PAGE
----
I ran into you four years ago when first facing the prospect of divorce. I have off-and-on run into your posts (each time “she” drags something up again). There is another side to this–you already know it, I know from what I have read in your posts.
    It is a sad commentary, but as long as Judges are more interested in RULE than in Justice…there will be none. Every nickle that becomes available to my ex-wife is spent “chasing” more money–just like the winnings of a compulsive gambler always go to the casino.

    At our divorce, I was making approximately 70K. We had just purchased a 130K house. 2nd mortgage of 30K to pay-down credit cards. Another 17K in C.C. debt (most of it her personal debt). My Parents had given me the house I grew up in shortly after we were married, and I foolishly titled it jointly. That is what my attorney called it, but(in my eyes)not nearly as foolish as missing the affair across the road…it may have had something to do with the two full-time night positions I worked so that she could stay at home with our children.

    But because of the long(17 years) marriage, and her lack of her employment history. Judge Anderson (Houston Co)saw me as Daddy Warbucks. I lost both houses, and in addition to the children, I get the privilege of supporting her and her boyfriend in the house that I continue to pay for to the tune of $1000/mo. Just so the math is straight, I was bringing home close to $3400/mo after deductions…and C.S. was $1235. So, I guess one could conclude she collected twice as much as I did to feed my children and sleep with my neighbor.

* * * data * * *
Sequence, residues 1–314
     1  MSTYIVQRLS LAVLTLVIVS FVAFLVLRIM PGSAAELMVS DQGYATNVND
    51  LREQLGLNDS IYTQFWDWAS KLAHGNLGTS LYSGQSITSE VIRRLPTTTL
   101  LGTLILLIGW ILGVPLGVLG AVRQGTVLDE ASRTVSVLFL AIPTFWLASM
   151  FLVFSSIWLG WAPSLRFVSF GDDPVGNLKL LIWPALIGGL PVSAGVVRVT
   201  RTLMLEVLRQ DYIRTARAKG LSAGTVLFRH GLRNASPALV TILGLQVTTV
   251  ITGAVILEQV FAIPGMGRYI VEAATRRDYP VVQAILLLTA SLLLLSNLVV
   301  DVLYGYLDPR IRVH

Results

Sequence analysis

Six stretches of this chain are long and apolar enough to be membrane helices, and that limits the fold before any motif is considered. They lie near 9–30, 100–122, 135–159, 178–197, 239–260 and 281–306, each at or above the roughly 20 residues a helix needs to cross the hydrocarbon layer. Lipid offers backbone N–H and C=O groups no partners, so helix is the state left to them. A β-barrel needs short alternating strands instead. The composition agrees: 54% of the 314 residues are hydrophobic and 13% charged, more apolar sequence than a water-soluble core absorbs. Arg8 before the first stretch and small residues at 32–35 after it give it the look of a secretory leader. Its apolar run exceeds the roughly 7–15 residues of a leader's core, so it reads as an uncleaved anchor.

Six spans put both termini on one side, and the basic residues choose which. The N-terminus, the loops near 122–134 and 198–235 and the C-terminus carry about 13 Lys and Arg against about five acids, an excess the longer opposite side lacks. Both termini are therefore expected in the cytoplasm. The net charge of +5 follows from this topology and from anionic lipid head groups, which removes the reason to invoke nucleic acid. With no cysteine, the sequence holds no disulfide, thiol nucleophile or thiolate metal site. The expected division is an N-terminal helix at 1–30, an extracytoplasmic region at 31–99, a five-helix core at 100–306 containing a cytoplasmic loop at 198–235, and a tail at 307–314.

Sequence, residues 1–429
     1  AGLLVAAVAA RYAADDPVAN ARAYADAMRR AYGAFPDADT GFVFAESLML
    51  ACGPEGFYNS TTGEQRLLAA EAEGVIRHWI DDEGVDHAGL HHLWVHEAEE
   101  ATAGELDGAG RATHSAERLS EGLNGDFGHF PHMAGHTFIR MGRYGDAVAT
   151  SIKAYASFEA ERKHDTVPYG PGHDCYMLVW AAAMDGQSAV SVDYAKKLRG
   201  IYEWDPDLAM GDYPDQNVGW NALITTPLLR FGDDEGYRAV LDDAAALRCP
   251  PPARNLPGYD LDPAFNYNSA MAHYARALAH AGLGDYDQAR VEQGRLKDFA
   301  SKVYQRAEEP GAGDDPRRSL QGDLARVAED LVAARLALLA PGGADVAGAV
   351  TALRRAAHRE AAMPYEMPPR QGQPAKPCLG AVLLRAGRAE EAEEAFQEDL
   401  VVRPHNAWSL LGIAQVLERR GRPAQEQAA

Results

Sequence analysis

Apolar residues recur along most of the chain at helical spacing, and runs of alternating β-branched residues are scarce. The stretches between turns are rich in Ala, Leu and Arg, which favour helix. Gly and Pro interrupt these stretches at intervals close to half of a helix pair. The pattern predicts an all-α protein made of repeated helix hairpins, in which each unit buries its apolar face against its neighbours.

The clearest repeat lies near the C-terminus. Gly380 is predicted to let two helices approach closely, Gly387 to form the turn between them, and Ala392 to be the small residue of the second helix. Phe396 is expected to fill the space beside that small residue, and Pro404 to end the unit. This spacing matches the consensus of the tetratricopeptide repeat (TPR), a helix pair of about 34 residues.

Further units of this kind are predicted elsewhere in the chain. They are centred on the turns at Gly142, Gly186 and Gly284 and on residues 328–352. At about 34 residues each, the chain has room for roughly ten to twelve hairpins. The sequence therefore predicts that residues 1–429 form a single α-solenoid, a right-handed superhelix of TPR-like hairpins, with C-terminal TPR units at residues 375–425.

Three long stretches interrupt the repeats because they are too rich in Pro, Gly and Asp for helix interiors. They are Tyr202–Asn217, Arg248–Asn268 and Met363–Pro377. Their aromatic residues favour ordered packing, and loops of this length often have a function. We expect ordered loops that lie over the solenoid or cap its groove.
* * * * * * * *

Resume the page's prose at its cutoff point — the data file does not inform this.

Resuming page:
I did get one of the children in a custody fight (all wanted to come, but she was the only one who had actually attempted suicide)…the daughter(17) the b.f. molested had already moved out, my 12 yo daughter did not have a specific “actionable” complaint, and my 8yo son with a rare disorder, “although perhaps better served by a nurse caregiver…most children are not afforded that benefit, and it is not a compelling reason for a change of custody”

    The TRUTH as I see it is this: whether speaking of taxes or laws. The dregs of society will always get a free ride, and the ultra wealthy, nearly free. The burdens will always be borne by those in the middle. Ultimately, it is the apathetic application of the LAW by nonchalant judges, and self serving legislators that maintain this sad state–until there is not enough “middle” to hold us all up.

  • Very interesting case. But can’t you call an investigation on firms who do contingency fees on divorces, since as you said, the option isn’t available for divorce litigants? And does the rule apply across all states?

  • 100% of all divorces were caused by marriage… That is a fact.. Most of our clients come from divorce and I have yet to see anything positive with the situation… Great articles Lee…

  • Heather

    Are you going to be blogging about Senate Bill 196? I am very interested to hear what you have to say.

  • I’m afraid I’ve been neglecting the blog lately. Thanks for bugging me; I need to get back into the habit!

  • Divorce can be a drawn out process, especially if there’s a custody battle involved and one or both spouses let bitterness come into play. Divorce lending is a fairly good option for these cases, especially if the applicant has had emergency expenses come up outside of the divorce.

  • Hi there,

    I thought I should comment on this phenomenon – I think that this kind of lending is what you’d call a necessary evil; I think everyone should be empowered during divorce proceedings in order to achieve a fair playing ground for the duration of the divorce. If you think of it in terms of empowerment, it makes perfect sense.

    Alana